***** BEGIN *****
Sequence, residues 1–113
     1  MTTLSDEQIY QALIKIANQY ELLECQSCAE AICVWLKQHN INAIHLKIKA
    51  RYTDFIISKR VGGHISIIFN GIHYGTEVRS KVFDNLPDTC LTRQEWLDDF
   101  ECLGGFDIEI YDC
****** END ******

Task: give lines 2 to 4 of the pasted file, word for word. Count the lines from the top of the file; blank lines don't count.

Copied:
     1  MTTLSDEQIY QALIKIANQY ELLECQSCAE AICVWLKQHN INAIHLKIKA
    51  RYTDFIISKR VGGHISIIFN GIHYGTEVRS KVFDNLPDTC LTRQEWLDDF
   101  ECLGGFDIEI YDC